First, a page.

I can’t explain it myself, and have no hope it helps, but still do it. It might be a leftover from being raised religiously; my mother’s family was very conservatively Protestant. My suspiscion is that If you ever bought into religion (even though, it was at a young age) it might never truly leave you?

  10. marcel

    I take it that this regression includes a dependent variable (in my field, economics, it is considered good form to name the dependent variable when displaying regression results). What is “Belief in Evolution”? (Did I win?)

  11. #11, the variable is in the previous posed. It’s EVOLVED in the GSS. as for “good form,” i wrote the post in 5 minutes. so give me a break.

  12. John Emerson

    Biblical literalism is strongly correlated with lower levels of education and intelligence.

    I suspect that what we’re talking about is also coordinated to conventionalism and respect for church authority. I say this because true Biblical literalism would lead to massive confusion, since it’s a long, complex, contradictory text. So “Biblical literalism” is short for “accept authorities who present an easy-to-understand literalistic interpretation of the Bible which reinforces a set of known social conventions.” Bible literalists mostly want to just have to learn things once, because learning is painful, and to know the important things instead of just wondering about them.

  13. Tom Bri

    What John said. Literalists either read it without bothering to think about it, or can’t remember what they read yesterday, or, don’t read it at all and just accept others’ word on what it says.

  14. abb3w

    ATTEND looks an interesting addition to the mix; so does ABANY. COHORT and AGE have negligible impacts.

    Unsurprisingly, BIGBANG is related spectacularly.

  15. Don

    John Emerson gets close to the way it works. Religion is part and parcel of culture.

  16. John Emerson

    To go on, Biblical literalism really is literalistic only in a very limited way. Specifically it means “Do not adapt the Bible to make it conform to [some defined subset of modern scientific knowledge, especially evolution]”. Many “literalists” give highly symbolic readings to the Bible, especially but not only the book of Revelation, by treating statements as “prophetic”. Furthermore, almost nobody anywhere takes everything in the “Old Testament” literally — the dietary prohibitions, polygamy, levirate marriage, uncleanness taboos. There’s a so-called “second covenant” for Christians, but it’s never spelled out in detail, so people pick and choose.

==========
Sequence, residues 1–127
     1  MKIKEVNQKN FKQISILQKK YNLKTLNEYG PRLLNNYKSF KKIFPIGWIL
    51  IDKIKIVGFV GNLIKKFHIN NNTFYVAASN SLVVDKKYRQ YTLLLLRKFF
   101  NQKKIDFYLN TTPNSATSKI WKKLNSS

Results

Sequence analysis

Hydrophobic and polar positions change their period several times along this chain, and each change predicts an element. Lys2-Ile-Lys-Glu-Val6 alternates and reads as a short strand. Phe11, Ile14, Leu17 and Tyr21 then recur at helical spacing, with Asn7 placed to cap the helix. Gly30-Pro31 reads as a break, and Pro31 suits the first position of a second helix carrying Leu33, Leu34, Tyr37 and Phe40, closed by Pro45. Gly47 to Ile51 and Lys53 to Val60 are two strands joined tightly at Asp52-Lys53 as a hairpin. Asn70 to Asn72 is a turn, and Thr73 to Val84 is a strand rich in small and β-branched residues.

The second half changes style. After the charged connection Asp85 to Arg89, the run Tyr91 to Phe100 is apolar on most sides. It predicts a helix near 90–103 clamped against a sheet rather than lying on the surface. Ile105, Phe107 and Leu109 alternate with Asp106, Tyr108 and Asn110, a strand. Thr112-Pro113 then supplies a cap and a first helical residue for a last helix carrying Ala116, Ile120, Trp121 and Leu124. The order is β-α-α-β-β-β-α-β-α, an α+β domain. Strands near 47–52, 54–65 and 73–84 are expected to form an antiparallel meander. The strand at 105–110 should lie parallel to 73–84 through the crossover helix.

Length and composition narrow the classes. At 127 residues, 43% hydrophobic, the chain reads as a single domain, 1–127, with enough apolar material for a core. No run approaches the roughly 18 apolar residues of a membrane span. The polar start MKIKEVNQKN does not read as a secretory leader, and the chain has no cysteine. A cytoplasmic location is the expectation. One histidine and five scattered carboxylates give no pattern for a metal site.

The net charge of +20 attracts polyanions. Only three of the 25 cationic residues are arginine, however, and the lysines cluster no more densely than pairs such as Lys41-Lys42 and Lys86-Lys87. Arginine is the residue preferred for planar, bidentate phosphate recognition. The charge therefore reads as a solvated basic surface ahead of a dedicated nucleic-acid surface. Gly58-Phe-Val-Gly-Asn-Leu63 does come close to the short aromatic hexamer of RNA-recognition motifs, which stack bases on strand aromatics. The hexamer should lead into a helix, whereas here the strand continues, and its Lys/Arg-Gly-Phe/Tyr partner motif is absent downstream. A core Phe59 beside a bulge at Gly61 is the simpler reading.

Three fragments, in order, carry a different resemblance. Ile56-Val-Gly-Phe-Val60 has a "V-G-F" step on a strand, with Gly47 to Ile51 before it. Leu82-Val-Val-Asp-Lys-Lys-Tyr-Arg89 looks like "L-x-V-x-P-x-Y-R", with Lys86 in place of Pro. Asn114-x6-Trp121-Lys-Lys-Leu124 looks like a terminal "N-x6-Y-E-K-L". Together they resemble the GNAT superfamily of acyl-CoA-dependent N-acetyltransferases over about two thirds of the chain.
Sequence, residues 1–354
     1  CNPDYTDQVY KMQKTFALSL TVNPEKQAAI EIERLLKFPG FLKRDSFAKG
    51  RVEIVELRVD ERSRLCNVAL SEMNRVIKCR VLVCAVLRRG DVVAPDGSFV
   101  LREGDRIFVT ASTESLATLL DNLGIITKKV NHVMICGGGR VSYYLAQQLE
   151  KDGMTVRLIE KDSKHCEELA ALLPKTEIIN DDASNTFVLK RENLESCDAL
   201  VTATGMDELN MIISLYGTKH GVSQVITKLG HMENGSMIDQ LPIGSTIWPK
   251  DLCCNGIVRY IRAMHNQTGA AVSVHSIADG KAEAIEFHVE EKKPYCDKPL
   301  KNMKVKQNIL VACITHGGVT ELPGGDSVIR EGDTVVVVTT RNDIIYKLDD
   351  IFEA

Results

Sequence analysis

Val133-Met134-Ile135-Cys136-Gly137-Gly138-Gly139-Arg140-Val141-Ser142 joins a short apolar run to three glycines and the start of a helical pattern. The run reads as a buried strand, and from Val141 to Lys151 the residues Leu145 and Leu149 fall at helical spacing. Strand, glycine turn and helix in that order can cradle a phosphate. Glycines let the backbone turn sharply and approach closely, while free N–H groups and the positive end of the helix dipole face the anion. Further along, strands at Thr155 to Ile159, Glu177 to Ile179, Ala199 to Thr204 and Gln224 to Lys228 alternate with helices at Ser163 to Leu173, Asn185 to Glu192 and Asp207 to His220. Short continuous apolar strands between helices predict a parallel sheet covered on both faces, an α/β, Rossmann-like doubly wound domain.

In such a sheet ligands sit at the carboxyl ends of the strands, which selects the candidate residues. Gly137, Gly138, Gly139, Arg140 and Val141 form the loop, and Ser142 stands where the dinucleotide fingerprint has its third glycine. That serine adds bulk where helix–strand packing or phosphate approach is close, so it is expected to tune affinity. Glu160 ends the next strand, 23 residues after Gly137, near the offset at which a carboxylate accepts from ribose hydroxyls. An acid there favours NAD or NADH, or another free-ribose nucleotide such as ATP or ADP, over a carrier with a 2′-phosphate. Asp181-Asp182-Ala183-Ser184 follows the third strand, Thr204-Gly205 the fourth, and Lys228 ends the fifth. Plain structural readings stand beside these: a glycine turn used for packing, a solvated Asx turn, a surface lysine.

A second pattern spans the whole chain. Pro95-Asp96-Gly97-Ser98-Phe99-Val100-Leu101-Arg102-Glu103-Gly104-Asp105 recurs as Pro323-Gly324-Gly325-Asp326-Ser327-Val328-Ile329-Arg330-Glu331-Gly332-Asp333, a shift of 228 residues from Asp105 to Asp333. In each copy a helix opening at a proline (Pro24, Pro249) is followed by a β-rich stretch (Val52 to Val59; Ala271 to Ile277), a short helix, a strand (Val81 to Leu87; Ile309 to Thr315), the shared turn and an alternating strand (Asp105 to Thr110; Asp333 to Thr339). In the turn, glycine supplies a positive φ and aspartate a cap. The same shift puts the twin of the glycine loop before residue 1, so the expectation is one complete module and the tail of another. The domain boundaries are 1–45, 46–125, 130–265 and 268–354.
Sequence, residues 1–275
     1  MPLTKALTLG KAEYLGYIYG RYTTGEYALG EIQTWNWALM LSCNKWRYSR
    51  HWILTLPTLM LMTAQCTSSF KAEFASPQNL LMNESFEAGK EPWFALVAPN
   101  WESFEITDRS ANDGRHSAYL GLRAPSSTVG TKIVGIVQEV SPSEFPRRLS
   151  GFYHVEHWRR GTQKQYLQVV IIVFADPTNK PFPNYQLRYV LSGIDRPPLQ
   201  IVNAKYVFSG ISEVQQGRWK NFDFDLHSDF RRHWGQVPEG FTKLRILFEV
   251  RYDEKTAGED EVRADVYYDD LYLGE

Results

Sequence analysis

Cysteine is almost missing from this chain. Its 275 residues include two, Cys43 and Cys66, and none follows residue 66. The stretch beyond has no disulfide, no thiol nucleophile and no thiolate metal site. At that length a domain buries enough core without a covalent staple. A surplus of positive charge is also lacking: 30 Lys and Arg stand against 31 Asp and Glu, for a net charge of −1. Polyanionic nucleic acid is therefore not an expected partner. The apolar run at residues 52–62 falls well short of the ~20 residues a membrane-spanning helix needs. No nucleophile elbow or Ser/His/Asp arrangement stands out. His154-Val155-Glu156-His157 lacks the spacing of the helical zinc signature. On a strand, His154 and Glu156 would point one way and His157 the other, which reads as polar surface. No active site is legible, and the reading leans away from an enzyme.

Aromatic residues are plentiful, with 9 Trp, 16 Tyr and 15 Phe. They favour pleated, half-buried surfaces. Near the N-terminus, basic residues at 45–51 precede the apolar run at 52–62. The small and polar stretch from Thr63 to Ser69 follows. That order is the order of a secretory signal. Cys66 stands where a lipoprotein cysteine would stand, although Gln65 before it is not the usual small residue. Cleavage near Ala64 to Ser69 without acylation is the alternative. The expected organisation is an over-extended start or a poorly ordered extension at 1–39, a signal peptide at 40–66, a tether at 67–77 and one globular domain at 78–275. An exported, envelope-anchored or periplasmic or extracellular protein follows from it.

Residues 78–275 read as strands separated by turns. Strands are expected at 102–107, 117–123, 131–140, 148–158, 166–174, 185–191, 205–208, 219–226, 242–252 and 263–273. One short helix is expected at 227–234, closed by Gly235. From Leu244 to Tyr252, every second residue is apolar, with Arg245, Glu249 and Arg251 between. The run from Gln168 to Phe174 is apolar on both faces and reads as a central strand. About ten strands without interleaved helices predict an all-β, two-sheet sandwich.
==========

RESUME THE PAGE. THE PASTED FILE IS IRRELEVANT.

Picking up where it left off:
If you want to screw with a literalist, ask them about the waters above the firmament. Few of them are prepared on that topic.

  17. C

    Thank God there are conservative Christians that accept the fact of evolution. Evolution by natural selection was a great discovery and should be embraced by all. I know there were Christians out there who are smart and accept science, I just didn’t know there were conservative Christians with a non-14th century worldview. It’s refreshing and I’m glad they are reading this blog and following and accepting science. It’s the only tool we have to observe physical reality. Being a biblical literalist is dishonest and basically throwing all reason out the door. They are missing out on so much beauty in the world. It’s like they are bullet proof from reality.
    Great site for anyone interested:


Discover's Newsletter

Sign up to get the latest science news delivered weekly right to your inbox!

Gene Expression

This blog is about evolution, genetics, genomics and their interstices. Please beware that comments are aggressively moderated. Uncivil or churlish comments will likely get you banned immediately, so make any contribution count!

About Razib Khan

I have degrees in biology and biochemistry, a passion for genetics, history, and philosophy, and shrimp is my favorite food. In relation to nationality I'm a American Northwesterner, in politics I'm a reactionary, and as for religion I have none (I'm an atheist). If you want to know more, see the links at


See More


RSS Razib’s Pinboard

Edifying books

Collapse bottom bar